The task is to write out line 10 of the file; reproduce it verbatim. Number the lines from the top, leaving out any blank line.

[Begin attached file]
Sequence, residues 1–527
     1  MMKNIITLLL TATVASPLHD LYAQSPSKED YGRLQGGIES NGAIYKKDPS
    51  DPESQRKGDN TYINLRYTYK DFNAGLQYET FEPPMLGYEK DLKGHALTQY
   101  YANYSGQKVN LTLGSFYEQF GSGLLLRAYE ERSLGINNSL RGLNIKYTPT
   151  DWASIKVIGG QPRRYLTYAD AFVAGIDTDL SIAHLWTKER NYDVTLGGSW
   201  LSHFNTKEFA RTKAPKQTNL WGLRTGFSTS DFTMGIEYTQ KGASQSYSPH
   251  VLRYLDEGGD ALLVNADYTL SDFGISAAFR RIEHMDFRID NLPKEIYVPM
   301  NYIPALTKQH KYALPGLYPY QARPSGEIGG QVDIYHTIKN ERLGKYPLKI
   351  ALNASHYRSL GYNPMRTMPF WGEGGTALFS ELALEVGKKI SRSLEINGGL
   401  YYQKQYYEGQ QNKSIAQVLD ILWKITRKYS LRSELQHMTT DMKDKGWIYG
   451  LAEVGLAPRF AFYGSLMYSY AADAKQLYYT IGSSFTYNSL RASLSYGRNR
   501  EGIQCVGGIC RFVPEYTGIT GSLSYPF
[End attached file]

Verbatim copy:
   401  YYQKQYYEGQ QNKSIAQVLD ILWKITRKYS LRSELQHMTT DMKDKGWIYG